Sequential Logic ENEL 111
1 7 3 Sequential Logic Circuits • So far we have only considered circuits where the output is purely a function of the inputs • With sequential circuits the output is a function of the values of past and present inputsThis particular example is not very useful X = X + A
Sequential Circuits - Aims • To be able to differentiate between the various types of bistable circuits (and know when it is appropriate to use one type or another) • To describe the structure and operation of simple registers, shift registers and binary counters • To sketch and explain the features of a timing diagram for an n-bit register • To be able to connect an IC (integrated circuit) counter to create a modulo-n counter or to cascade several counters to extend the range • To generate a state transition diagram from the description of a problem, or to follow the flow of a given state transition diagram • To apply the general sequential machine design method to sequential circuits such as counters
Latches and Flip Flops • Latches • SR latch • Clocked SR latch • D Latch • Flip flops • Master-slave • Edge triggered • JK
Sequential circuit concepts • The addition of a memory device to a combinational circuit allows the output to be fed back into the input: circuit Input(s) Output(s) memory Introduction to Digital Electronics, Crowe and Hayes Gill, Newnes, ISBN0-340-64570-9
Synchronous and Asynchronous circuit Input(s) Output(s) • With synchronous circuits a clock pulse is used to regulate the feedback, input signal only enabled when clock pulse is high – acts like a “gate” being opened. memory Clock pulse
Latches • The SR Latch • Consider the following circuit Q R R R Q Q Q S Q S Q S Symbol Circuit R S Qn+1 0 0 Qn 0 1 1 1 0 0 1 1 ? n+1 represents output at some future time n represents current output. Function Table
SR Latch operation • Assume some previous operation has Q as a 1 • Assume R and S are initially inactive Indicates a stable state at some future time (n+ = now plus) R = 0 Q = 1 R S Qn+1 0 0 Qn 0 1 1 1 0 0 1 1 ? ~Q = Q, ie is the complement of Q. S = 0 Q = 0 Circuit Now assume R goes first to 1 then returns to 0, what happens:
Reset goes active R = 1 Q = 0 • When R goes active 1, the output from the first gate must be 0. This 0 feeds back to gate 2 S = 0 ~Q = 1 Since both inputs are 0 the output is forced to 1 The output ~Q is fed back to gate 1, both inputs being 1 the output Q stays at 0. R = 1 Q = 0 S = 0 ~Q = 1
Reset goes in-active R = 0 Q = 0 • When R now goes in-active 0, the feedback from ~Q (still 1), holds Q at 0. S = 0 ~Q = 1 The “pulse” in R has changed the output as shown in the function table: R S Qn+1 0 0 Qn 0 1 1 1 0 0 1 1 ? We went from here To here And back again In that process, Q changed from 1 to 0. Further signals on R will have no effect.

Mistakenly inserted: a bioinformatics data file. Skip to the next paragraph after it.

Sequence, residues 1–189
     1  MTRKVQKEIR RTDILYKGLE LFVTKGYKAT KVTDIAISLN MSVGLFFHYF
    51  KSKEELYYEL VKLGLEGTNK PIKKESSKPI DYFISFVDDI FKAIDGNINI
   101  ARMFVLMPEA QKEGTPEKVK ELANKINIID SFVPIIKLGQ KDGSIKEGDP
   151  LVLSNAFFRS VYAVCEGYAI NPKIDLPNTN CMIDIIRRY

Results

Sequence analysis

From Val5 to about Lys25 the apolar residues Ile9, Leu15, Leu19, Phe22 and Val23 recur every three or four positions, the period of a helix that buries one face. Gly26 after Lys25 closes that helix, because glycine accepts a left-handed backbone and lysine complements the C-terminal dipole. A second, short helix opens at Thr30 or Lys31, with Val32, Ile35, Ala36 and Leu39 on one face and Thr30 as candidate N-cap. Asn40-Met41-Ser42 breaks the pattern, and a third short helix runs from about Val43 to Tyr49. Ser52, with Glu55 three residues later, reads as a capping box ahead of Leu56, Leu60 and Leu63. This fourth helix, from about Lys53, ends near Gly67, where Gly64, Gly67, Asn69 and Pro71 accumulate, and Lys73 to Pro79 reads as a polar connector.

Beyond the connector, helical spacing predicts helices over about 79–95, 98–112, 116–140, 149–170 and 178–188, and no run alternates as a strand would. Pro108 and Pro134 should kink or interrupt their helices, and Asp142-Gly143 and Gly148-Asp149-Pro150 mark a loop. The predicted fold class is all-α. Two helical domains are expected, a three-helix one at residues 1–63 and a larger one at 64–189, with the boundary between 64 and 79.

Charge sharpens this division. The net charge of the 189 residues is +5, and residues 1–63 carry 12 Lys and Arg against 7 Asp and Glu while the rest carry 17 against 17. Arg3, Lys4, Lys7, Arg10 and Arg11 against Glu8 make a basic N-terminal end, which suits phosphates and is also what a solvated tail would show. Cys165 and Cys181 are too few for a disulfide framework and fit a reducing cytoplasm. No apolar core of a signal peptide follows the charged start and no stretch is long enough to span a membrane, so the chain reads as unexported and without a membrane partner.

Set the latch • Similar sequences can be followed to show that setting S to 1 then 0 – activating S – will set Q to a 1 stable state. • When R and S are activated simultaneously both outputs will go to a 0 R = 1 Q = 0 S = 1 ~Q = 0 When R and S now go inactive 0, both inputs at both gates are 0 and both gates output a 1. This 1 fedback to the inputs drives the outputs to 0, again both inputs are 0 and so on and so on and so on and so on.
Metastable state • In a perfect world of perfect electronic circuits the oscillation continues indefinitely. • However, delays will not be consistent in both gates so the circuit will collapse into one stable state or another. R S Qn+1 0 0 Qn 0 1 1 1 0 0 1 1 ? This collapse is unpredictable. Thus our function table: Future output = present output Set the latch Reset the latch Don’t know
R R S S Latches • The SR Latch • NAND Form produces similar result from inverted inputs R S Qn+1 0 0 ? 0 1 0 1 0 1 1 1 Qn Q Q Q R Q Q Q S Function Table Symbol Circuit You ought to be able to figure this one out yourself!
Application of the SR Latch • An important application of SR latches is for recording short lived events • e.g. pressing an alarm bell in a hospital
R Q C Q S The Clocked SR Latch • In some cases it is necessary to disable the inputs to a latch • This can be achieved by adding a control or clock input to the latch • When C = 0 R and S inputs cannot reach the latch • Holds its stored value • When C = 1 R and S inputs connected to the latch • Functions as before
R S C Qn+1 X X 0 Qn Hold 0 0 1 Qn Hold 0 1 1 1 Set 1 0 1 0 Reset 1 1 1 ? Unused Clocked SR Latch Q R R Q C C Q Q S S
Clocked D Latch • Simplest clocked latch of practical importance is the Clocked D latch D S Q C Q R • It means that both active 1 inputs at R and S can’t occur. • Notice we’ve reversed S and R so when D is 1 Q is 1.
D Q C Q D Latch • It removes the undefined behaviour of the SR latch • Often used as a basic memory element for the short term storage of a binary digit applied to its input • Symbols are often labeled data and enable/clock (D and C) D Q S Q D C Qn+1 X 0 Qn Hold 0 1 0 Reset 1 1 1 Set C C Q R Q Circuit Symbol Function Table